Austrian lecture slamming Prophet Mohammed for marrying 6yo is hate speech – EU court
Austrian lecture slamming Prophet Mohammed for marrying 6yo is hate speech – EU court The European Court of Human Rights (ECtHR) has ruled that an Austrian lecturer is guilty of disparaging Islam, after the woman likened the Prophet Mohammed to a pedophile for marrying a six-year-old girl.
The lecturer known only as Mrs E.S. had already been convicted by an Austrian judge and fined €480 ($548) for her lecture. And now the ECtHR has upheld the ruling. The Strasbourg-based seven-judge panel stated on Thursday that her comparing Prophet Mohammed to a pedophile goes “beyond the permissible limits of an objective debate,” and that the Austrian court was right in “classifying them as an abusive attack which could stir up prejudice and threaten religious peace.”
The woman had unsuccessfully appealed the decision to the Austrian Supreme Court before taking her case to the ECtHR. She argued that what the court saw as inflammatory remarks insulting the Islamic faith was meant to reignite a public debate on child marriages.
She hosted “Basic Information on Islam” seminars in 2008 and 2009, during which she lectured the members of the right-wing Freedom Party (FPO) on the principles of the Islamic religion and its key figures. During one of her lectures, Mrs E.S. stated that marrying prepubescent girls makes Prophet Mohammad no different than a child predator.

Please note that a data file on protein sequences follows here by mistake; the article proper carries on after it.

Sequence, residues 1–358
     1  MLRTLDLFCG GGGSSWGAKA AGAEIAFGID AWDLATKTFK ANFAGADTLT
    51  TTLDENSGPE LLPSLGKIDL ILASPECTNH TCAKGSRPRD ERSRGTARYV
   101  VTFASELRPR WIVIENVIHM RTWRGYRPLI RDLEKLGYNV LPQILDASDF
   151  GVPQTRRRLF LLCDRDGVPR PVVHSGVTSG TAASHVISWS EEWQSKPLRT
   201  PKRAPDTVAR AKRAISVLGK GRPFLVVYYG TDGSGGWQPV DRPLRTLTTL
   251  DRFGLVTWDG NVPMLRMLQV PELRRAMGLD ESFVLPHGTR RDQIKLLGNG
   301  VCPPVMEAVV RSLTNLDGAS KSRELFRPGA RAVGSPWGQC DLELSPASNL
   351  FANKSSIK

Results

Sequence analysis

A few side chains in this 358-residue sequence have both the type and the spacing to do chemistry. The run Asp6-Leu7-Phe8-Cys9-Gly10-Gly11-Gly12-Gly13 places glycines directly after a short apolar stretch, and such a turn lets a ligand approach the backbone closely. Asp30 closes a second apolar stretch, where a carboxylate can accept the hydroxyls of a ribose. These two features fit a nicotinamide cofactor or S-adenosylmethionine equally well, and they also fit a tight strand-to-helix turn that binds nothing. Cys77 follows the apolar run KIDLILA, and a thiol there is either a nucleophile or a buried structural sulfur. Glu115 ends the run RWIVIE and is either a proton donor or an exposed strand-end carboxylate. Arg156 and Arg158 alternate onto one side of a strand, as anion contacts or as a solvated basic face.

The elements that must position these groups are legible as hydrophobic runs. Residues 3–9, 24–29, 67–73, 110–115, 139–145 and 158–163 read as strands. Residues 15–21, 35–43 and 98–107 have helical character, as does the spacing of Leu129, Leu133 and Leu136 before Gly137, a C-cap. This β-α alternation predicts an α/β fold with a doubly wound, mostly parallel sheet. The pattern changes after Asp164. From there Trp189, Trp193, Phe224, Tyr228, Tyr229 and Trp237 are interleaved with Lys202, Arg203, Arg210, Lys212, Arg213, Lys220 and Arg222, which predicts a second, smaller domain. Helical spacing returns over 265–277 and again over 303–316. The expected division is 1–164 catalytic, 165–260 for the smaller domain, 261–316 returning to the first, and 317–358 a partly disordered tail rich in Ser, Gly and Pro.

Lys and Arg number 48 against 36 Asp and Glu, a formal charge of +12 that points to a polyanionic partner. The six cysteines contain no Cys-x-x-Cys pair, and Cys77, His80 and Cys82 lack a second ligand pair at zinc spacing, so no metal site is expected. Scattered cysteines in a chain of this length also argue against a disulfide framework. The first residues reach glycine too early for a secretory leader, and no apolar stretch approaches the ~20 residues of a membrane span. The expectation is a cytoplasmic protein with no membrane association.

“A 56-year-old and a six-year old?… What do we call it, if it is not pedophilia?” the woman reportedly said, referring to the marriage between the Prophet and Aisha, who is believed to have been six or seven when the marriage was arranged, and nine when it was consummated. Some modern scholars, however, dispute that timeline, arguing that Aisha was at least 15 at the time.
When convicting Mrs E.S. of deprecating religion, the ECtHR pointed out that it had “comprehensively assessed the wider context” of her statement and “carefully balanced her right to freedom of expression with the right of others to have their religious feelings protected.”
The panel argued that the expressions the woman used to describe Prophet Muhammed were “not phrased in the neutral manner” and thus cannot be considered a legitimate contribution to the public debate on the sensitive topic of child marriages.
The court also dismissed the lecturer’s claim that the Austrian courts failed to consider the subject matter of her statements.
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